2009 Domaine Jean Grivot Nuits-St-Georges 1er Cru "Les Roncières"

SKU #1089346 90-93 points Allen Meadows - Burghound

 A ripe, spicy and earthy nose that possesses notes of dried herbs and floral hints gives way to intense, pure and beautifully detailed middle weight flavors that are given shape and support by very fine tannins and excellent length. This is not as powerful as the other Nuits 1ers in the range but it's easily the most refined and will almost certainly mature earlier as well.  (1/2011)

92 points Robert Parker's Wine Advocate

 The 2009 Nuits St. Georges Roncieres bursts from the glass with a rush of explosive fruit. Intensely cool, mineral notes wrap around the fruit as this powerful wine shows off its considerable pedigree. Sweet floral and mineral notes appear over time, but it is pretty clear the Roncieres is beginning to close down in bottle. Readers will need to be patient, but there is so much stuffing here that it is only a matter of time before the Roncieres is ready to strut its stuff. This is a fabulous effort from Etienne and Marielle Grivot. Anticipated maturity: 2014-2029. Etienne Grivot’s 2009s were some of the most exciting wines I tasted on my most recent trip to Burgundy. (AG)  (4/2012)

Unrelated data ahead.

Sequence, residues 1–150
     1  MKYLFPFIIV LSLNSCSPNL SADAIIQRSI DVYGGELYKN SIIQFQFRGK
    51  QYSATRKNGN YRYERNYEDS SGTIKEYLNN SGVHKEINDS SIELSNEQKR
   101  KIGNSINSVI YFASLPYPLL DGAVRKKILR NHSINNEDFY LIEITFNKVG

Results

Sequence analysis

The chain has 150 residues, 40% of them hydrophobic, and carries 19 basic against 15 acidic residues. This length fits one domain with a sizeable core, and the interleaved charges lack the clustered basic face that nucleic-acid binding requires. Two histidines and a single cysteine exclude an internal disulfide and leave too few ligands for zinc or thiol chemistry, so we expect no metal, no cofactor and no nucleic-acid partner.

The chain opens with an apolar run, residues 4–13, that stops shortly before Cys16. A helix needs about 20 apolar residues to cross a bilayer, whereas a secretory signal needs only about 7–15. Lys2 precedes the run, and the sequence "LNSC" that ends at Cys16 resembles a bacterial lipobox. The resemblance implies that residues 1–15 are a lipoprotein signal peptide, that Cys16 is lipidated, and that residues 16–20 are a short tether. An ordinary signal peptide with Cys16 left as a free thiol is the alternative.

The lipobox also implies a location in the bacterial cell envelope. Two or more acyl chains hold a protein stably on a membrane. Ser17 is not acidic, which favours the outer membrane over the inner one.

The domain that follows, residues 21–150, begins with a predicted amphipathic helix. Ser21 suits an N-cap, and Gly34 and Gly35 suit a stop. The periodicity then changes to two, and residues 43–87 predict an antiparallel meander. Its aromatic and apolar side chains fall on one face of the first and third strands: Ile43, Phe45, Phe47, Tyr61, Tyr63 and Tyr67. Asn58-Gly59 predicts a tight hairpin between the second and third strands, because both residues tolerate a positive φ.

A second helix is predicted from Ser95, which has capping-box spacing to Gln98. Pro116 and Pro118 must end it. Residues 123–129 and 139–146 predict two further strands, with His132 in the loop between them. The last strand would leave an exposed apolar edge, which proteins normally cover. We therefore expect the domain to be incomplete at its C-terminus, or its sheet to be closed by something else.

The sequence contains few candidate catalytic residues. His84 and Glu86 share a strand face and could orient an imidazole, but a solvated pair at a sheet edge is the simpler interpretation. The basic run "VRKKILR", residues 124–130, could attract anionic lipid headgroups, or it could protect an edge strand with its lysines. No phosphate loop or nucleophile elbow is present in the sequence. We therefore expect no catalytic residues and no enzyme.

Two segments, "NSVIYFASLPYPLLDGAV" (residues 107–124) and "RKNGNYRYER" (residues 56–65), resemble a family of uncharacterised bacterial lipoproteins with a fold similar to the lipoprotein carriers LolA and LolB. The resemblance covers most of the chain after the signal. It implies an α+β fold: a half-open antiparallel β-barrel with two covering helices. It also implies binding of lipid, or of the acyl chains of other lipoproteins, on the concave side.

90 points Stephen Tanzer's International Wine Cellar

 Medium red. Sexy aromas of raspberry, mocha, flowers and underbrush. Suave and silky in the mouth, showing a restrained sweetness and enticing cherry perfume lifted by a faint mineral note. Young and structured wine with a firm, dry finish. (ST)  (4/2012)

90 points Wine Spectator

 Rich, silky and saturated with black cherry, blackberry, violet and mineral aromas and flavors, this red drips with personality and class. The compact tannins give a sense of place, as the aftertaste of cherry and spice leaves a mouthwatering impression. Best from 2014 through 2030. (BS)  (6/2012)

K&L Notes

93-95 points Neal Martin's Wine Journal: "Tasted out of barrel at the Domaine. The Ronciers has an exquisite bouquet with pure red-berried fruit, a touch of limestone and crushed rose petals. Very feminine. The palate has a great deal of finesse, to such an extent that it is more like a Vosne-Romanee than a Nuits. Very delicate, but paradoxically powerful and persistent on the silky smooth finish. This is wonderful." (03/2011)

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Pinot Noir